You have no items in your basket
sign up to get updates!
on most orders before 3pm
30,000 items and growing!
expert knowledge, top service
So-called 'space pens' use ingenious refill technology to enable them to write in adverse conditions - particularly in zero gravity, but also in a range of earthbound conditions that cause problems for ordinary pens. Take a look at our range of pressurised 'space pens' below, or read on...
The story of pressurised pens starts with Paul Fisher, who invented a pen refill that was able to write in zero gravity and who then persuaded NASA to buy the Fisher Space Pen for space missions. The urban myth that NASA spent millions developing the space pen, while the Russians simply used a pencil is sadly not true.
So what was the problem that needed solving? Simply, pen refills rely on gravity for the ink to flow. Zero-gravity = no ink flow. While pencils don't need gravity to work, you don't want pencils shavings or lead fragments floating around in your spacecraft!
Pressurised refills are fully sealed and contain a small amount of inert gas under pressure at the opposite end to the writing tip. This gas constantly pushes the ink towards the tip, maintaining a positive flow of ink when required. The ink isn't forced out from the tip until the pen is actually writing. This is because the ball is very precisely machined to fit a very precise socket, and the thixotropic ink is so viscous that it doesn't flow unless some friction (from the rotating ball) causes it to liquify a little and spread around the ball. This is how all ballpoint pens work, but pressurised refills require more precision and more viscous ink.
However, unless you're an astronaut you're not in the habit of regular travel to outer space - so what's in it for the rest of us? Well, the technology that ensures that these pens can write in zero-G also enables them to:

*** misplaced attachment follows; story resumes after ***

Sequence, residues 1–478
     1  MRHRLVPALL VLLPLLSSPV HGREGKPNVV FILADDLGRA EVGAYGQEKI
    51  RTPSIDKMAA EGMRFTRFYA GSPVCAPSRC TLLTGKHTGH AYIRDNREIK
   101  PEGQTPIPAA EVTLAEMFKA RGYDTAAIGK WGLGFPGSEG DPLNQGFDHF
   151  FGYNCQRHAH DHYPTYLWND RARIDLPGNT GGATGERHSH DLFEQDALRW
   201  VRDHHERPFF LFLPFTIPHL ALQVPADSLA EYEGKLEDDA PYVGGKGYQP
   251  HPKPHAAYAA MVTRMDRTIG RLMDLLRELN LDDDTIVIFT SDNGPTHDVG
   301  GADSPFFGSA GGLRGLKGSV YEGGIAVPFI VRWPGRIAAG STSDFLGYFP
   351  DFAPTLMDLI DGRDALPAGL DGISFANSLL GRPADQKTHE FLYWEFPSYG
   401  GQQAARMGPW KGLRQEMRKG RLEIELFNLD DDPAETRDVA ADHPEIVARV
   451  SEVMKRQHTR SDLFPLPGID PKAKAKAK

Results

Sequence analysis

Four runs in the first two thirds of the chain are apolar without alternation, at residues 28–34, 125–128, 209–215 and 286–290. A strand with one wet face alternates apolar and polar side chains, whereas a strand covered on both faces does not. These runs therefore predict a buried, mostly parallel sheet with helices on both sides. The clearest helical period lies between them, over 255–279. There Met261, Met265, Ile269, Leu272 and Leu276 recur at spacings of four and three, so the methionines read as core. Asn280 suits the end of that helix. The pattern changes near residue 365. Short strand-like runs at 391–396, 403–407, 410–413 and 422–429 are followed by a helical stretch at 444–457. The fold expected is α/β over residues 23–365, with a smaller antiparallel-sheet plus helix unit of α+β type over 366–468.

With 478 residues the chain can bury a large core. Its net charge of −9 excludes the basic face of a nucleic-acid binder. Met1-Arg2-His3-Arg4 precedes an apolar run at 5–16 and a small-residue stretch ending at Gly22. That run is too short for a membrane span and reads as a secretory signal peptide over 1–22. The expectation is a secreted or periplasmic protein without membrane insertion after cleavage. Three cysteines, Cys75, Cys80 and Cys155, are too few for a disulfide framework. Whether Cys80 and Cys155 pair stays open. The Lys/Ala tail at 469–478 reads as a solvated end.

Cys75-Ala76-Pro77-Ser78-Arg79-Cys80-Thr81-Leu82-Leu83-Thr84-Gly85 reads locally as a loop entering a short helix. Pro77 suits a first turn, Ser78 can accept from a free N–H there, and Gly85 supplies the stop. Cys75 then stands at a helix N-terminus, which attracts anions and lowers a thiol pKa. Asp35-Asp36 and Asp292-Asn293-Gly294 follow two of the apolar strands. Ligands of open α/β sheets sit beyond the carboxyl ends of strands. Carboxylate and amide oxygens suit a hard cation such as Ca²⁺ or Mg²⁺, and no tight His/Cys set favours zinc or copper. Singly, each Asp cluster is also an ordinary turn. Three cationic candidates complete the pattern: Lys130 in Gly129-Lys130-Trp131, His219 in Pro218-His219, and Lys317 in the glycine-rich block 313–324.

Since the Fisher Space Pen was developed, several other writing equipment manufacturers have also perfected the technology.
Spacetec - a Diplomat brand - have been involved with the Fisher Space Pen company for many years and have a similar range of pens. The Spacetec Pocket Pen is virtually identical to the classic Fisher Space Bullet Pen, while the Spacetec 0 Gravity is the discontinued Fisher Zero Gravity Space Pen.
Spacetec pens use Schmidt Megaline pressurised refills. The Schmidt Megaline 4889 is a suitable refill for most Spacetec pens as well as for Fisher Space Pens. Schmidt also manufactures the Megaline P950M refill - a 'Parker-style' G2 pattern refill which fits a huge range of ballpoint pens from Parker, Faber-Castell, Pelikan, Tombow, Diplomat, Porsche Design, rotring, etc., turning any of these pens - even your old Parker Jotter - into a 'space pen'.
Tombow of Japan has a couple of interesting entrants in this category. The Tombow XPA is a rugged outdoor pen - a solid metal design, which telescopes for compactness and features a lanyard loop to keep it with you. Combined with the properties of the pressurised refill this is one of the most practical pens around. The refill for the XPA is the Tombow BR-VMP - another standard pattern refill, this time in multipen 'D1' format. This refill fits a huge range of multifunction and mini pens.
Uni of Japan have created one of the most interesting pressurised pens. The Uni PowerTank pen costs less than a Fisher refill, but features the same pressurised ink technology in a practical rubber-grip retractable pen design. A brilliant pen, available with black, blue or red ink, and it's even refillable with Uni SNP-10 refills.
The last word however goes to Tombow. A little lateral thinking on their part has come up with a novel take on the problem. Instead of a complex and expensive refill, the Tombow Airpress simply applies a little air pressure to the top of a conventional open-ended ballpoint refill when you click the push-button to open the pen. Simple, ingenious and perfectly effective.
We don't currently stock the Fisher brand, but we do stock all these great pressurised pens and refills - have a browse...